Notes from the December 16, 2012 Broadcast of Meet The Press
Today’s Meet the Press focused exclusively on the tragedy at Sandyhook Elementary School. After much media speculation and inaccuracy, more concrete information on how this tragedy unfolded is finally available. There are no details yet on what drove the shooter to this act, but NBC’s Pete Williams reported that computers have been recovered from the shooter’s home which might leave clues.
Connecticut Gov. Dan Malloy (D-CT) offered a few new details the situation. When asked how he would like society to deal with this problem, he focused on the need for better mental health programs and a new look at how we regulate assault weapons.
Next up was New York City Mayor Michael Bloomberg. When asked about comments made by President Obama immediately following the shooting, where he called for “meaningful action,” Bloomberg said the president is the commander-in-chief in addition to the consoler-in-chief. “He called for action two years ago,” said Bloomberg
Bloomberg said, “It is time for the president to stand up and lead, not go to Congress and ask. ‘What do you guys want to do?’”
“If he does nothing during his second term, something like 48,000 Americans will be killed with illegal guns, roughly the number killed in the whole Vietnam War,” added Bloomberg.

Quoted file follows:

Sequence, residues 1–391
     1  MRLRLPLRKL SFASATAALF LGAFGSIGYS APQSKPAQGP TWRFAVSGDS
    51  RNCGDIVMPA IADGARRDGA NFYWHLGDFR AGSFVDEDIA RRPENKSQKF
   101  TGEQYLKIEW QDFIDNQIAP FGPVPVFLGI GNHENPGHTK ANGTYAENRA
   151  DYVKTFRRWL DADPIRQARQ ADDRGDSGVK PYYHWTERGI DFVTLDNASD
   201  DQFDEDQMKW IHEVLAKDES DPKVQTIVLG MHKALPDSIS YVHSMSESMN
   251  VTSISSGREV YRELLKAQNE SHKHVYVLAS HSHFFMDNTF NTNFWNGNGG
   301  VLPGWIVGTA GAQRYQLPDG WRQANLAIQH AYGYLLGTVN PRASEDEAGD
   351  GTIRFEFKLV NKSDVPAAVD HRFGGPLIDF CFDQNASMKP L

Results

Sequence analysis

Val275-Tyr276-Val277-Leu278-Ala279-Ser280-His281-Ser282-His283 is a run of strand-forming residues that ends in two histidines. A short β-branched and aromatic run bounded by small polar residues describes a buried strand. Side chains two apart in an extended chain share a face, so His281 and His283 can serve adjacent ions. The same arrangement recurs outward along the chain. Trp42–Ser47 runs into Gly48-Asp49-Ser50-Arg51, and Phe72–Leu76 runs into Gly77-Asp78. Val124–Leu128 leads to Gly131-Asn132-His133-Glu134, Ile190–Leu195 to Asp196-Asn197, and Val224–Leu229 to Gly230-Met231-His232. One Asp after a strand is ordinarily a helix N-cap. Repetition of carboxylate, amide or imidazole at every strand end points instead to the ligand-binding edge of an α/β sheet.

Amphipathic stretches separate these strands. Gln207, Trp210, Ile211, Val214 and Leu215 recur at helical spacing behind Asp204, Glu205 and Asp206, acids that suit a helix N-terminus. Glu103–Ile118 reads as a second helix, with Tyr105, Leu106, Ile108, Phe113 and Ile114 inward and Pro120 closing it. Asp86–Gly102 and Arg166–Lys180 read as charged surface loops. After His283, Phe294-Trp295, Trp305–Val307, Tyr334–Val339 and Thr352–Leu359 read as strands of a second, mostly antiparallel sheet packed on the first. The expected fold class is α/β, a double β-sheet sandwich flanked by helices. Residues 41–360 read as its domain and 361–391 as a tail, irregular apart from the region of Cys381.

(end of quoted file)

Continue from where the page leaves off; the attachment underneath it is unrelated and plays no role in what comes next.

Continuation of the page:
Host David Gregory suggested Democrats might pay a price for supporting stronger gun laws. Mayor Bloomberg called the power of the NRA a “myth.” He said that the NRA’s number one goal in this last election cycle was to defeat President Obama. Therefore, “The myth that the NRA can destroy political careers is just not true,” he said.
Bloomberg said he endorsed Barack Obama for president because Obama has the right views on these issues, but now the president has to put those views into action.
Gregory reported that Meet the Press reached out to all 31 pro-gun rights members of the new Senate and invited them on the program. He said, “We had no takers.”
In the roundtable conversation, Senator Dianne Feinstein (D-CA) said on day one of the new Senate session she will introduce new legislation banning assault weapons and large assault ammunition clips. She said, “We need to get weapons of war off our streets.”
New York Times columnist David Brooks, former Secretary of Education and Drug Czar Bill Bennett, and former Secretary of Homeland Security Tom Ridge all focused on mental health issues and on inferior mental health services nationwide. They were joined by American Federation of Teachers President Randi Weingarten and Georgetown Professor Michael Eric Dyson.
Bennett said he might to see one armed, trained person in each school to prevent this kind of massacre. Weingarten responded, “We need to stop this routine view that having more guns will make us safer.”
Brooks said the battle over gun laws is often seen as a rural versus urban issue, and he said that maybe having Michael Bloomberg as the gun-control spokesperson might be counterproductive.
There was a brief discussion about the role graphic violence might play in tragedies like this. Brooks says that over hundreds of these cases, there appears to be no connection with graphic video games.
Michael Eric Dyson concluded that when people don’t have access to mental health services, they will often self medicate. But he was quick to add, it is “…the ready access to guns that led to this devastation.”
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